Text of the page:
—Jackie Apodaca

Theatre Communications Group, 2004, $21.95.

Elenora Duse - A Biography

by Helen Sheehy

Eleonora Duse, the Italian actress who died 80 years ago in Pittsburgh, of all places, changed the face of acting forever. But who gets remembered? Her French contemporary, Sarah Bernhardt, a technically proficient albeit artificial performer and relentless publicity machine whom Duse found to be "a marvelous mechanism." Helen Sheehy's thorough and quite engaging biography gives Duse her due.

Born into a family of itinerant actors, Duse led an impassioned life. When she performed the role of Juliet in the streets of Verona at age 14, her death scene caused gasps in the audience and transported her to what she described as "a state of grace," setting the precedent for a life lived in pursuit of truth in her acting. She eschewed the convention of stage makeup, allowing audiences to marvel at her translucent olive complexion and generating amazement as her face would visibly flush with emotion during her performances. Her life was lived so outside the mainstream that when Dumas fils wrote his shocking play Denise—which involved out-of-wedlock birth, child abandonment, and eventual redemption—the details were lifted whole from Duse's life. She then proudly performed the piece, causing one critic to declare she had "broken with the whole tradition of Italian acting … her method does not admit even the possibility of a pose." Later, when she toured Russia in Antony and Cleopatra, Anton Chekhov remarked, "I don't understand Italian, but she played so beautifully that I had the feeling that I understood every word." Her natural and communicative style influenced Stanislavsky, who wanted to emulate her "lack of all strain," and later tours to America transfixed the likes of Lee Strasberg and Stella Adler, who were fascinated by the artlessness of her technique. At Duse's feet you can lay the blame, generations later, for acting teachers declaiming, "I don't want to see any acting here!" In Duse's life you can find out what they mean.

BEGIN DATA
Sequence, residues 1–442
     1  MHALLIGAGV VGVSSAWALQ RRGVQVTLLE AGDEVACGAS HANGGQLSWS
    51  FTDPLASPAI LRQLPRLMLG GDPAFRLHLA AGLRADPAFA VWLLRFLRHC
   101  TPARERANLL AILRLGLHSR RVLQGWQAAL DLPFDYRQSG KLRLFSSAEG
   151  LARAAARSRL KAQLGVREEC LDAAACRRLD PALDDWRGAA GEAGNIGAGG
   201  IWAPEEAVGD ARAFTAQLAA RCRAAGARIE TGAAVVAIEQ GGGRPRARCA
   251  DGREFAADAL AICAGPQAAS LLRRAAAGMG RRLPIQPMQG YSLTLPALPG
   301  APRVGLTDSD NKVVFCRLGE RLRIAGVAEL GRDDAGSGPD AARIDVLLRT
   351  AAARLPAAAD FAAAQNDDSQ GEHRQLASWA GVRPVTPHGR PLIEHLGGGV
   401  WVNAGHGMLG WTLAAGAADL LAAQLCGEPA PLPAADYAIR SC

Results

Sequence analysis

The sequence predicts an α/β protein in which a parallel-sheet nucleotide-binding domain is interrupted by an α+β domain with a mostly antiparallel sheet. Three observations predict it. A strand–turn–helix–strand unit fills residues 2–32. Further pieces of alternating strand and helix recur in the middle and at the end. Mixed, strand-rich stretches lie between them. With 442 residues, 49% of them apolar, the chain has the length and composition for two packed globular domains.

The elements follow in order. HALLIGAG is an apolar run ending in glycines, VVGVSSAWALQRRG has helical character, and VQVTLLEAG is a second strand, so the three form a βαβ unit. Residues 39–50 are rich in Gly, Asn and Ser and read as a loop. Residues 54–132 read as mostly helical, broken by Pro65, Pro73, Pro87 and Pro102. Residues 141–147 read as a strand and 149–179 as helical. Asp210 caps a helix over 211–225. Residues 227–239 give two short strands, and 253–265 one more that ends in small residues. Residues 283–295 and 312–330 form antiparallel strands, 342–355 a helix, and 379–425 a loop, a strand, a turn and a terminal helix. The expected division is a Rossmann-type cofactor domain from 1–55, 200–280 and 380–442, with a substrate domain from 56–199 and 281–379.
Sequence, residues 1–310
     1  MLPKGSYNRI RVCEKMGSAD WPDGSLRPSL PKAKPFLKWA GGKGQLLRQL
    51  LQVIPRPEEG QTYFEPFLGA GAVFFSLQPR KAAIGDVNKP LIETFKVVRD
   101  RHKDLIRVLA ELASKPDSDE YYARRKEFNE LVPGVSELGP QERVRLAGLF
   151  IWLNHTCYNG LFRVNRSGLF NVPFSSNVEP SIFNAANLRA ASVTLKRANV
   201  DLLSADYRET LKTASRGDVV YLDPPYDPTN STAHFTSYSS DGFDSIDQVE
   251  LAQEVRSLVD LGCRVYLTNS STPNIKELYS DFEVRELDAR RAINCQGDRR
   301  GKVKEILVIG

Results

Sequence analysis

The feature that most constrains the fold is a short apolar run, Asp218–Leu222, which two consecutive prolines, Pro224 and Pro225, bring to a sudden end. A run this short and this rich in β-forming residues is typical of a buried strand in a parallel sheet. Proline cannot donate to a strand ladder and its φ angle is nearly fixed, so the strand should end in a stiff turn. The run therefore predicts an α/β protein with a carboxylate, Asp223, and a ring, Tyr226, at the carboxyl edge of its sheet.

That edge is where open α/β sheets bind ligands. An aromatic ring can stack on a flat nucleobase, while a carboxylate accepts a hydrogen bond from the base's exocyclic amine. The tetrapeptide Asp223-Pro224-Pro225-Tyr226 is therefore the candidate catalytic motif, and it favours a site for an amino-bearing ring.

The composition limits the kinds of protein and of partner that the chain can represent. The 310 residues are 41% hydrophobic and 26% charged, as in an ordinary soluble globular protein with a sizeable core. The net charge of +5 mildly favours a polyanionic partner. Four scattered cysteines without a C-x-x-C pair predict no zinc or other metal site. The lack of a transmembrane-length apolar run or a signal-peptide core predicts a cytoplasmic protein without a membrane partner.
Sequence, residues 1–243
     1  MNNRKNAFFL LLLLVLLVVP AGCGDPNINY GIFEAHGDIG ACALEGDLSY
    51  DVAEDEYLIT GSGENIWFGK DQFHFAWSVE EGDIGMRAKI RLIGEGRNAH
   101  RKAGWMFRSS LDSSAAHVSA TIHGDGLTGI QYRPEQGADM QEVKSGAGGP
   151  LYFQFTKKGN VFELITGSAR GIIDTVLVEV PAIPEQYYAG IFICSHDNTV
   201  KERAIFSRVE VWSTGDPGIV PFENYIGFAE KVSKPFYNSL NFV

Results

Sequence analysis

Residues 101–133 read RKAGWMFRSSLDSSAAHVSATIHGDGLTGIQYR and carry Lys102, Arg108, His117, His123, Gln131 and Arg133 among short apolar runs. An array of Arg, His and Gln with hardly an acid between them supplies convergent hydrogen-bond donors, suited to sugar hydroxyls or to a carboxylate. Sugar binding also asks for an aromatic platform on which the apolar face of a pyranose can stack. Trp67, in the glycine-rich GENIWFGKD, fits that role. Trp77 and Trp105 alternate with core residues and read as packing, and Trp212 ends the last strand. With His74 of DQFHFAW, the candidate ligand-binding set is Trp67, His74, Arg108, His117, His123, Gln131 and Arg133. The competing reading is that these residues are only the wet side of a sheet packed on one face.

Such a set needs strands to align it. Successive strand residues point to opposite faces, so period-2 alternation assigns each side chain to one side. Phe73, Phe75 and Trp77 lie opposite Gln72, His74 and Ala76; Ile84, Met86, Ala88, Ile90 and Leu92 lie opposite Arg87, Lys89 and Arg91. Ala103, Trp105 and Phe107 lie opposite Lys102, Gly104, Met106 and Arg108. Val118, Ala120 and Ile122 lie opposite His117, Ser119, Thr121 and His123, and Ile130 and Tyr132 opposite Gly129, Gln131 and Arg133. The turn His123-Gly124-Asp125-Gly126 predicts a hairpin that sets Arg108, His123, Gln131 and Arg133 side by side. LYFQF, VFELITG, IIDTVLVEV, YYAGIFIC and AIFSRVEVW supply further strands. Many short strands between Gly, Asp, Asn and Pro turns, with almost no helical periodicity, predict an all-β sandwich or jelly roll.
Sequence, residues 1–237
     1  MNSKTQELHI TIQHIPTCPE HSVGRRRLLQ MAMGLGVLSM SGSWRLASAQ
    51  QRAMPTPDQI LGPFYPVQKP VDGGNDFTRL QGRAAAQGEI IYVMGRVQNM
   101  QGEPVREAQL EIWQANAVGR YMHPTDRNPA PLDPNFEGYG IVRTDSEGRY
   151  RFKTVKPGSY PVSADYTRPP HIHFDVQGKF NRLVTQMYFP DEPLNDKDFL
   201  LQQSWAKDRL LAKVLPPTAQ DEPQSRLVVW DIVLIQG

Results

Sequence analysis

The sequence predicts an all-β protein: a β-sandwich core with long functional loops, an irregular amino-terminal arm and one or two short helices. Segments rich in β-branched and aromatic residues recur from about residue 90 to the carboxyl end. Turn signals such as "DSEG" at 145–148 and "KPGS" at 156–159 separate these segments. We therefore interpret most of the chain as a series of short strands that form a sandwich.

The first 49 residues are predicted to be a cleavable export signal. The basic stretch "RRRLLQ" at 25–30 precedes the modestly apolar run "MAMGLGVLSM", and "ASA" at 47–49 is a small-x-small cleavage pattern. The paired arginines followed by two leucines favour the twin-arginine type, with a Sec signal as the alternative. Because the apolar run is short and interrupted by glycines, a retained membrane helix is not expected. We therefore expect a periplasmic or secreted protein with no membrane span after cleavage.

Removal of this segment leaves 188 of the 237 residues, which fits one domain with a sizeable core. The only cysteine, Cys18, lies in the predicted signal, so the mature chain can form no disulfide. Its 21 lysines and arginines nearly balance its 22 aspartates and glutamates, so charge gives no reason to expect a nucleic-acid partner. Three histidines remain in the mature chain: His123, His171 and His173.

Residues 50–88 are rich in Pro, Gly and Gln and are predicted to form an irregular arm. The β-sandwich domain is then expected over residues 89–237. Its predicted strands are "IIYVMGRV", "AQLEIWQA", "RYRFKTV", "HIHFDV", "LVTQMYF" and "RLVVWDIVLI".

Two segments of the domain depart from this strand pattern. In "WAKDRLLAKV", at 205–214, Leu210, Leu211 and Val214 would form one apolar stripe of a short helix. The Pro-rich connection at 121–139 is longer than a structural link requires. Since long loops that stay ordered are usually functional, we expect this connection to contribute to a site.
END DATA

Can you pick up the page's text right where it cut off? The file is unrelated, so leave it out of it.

—Wenzel Jones

Knopf, 2003, $32.50.

Kurt Weil, A Life in Pictures and Documents

David Farneth with Elmar Juchem and Dave Stein

Only the technology of the day precluded the inclusion of little Kurt's sonogram in this exhaustive collection of all things Weill. The accomplished composer, whose politics and art were inseparable, had enough of a career in Germany to get on Hitler's bad side, driving him eventually to the U.S., where he made a name for himself on both coasts, sometimes adapting his own Broadway work into Hollywood film versions. This highly visual publication does a fine job in assembling not only the pictures and documents promised in the title, but also remembrances of family, friends, and co-workers, as well as a handy timeline to place everything in context.

Weill's image is considerably warmed by photographs of him and his attractive wife-to-be and leading lady, Lotte Lenya, when both were quite young and "Rosa Krebb" was far in her future. Weill's other famous collaboration, with Bertolt Brecht, which began in 1927 with Weill's songspeil Mahagonny, was a match made elsewhere than heaven, though, and by 1944, after discussions of a doomed collaboration on The Good Woman of Sezuan had fallen through, Weill admitted to a friend, "I have known Brecht for years. He has always been the most difficult man to work with."

There is also a secondary thrill just paying attention to the graphics, which offer a glimpse of design through much of the 20th century, and the correspondence, in which even the most vitriolic rejoinder is phrased, by means of manual typewriter on crinkled onionskin, with an elegance long gone. Whether Weill is your personal god or a name that brings to mind snarling women wearing too much eye makeup, this is an invaluable look at the man who said of himself, "When my music involves human suffering, it is, for better or worse, pure Weill."

—Wenzel Jones

The Overlook Press, 2001, $75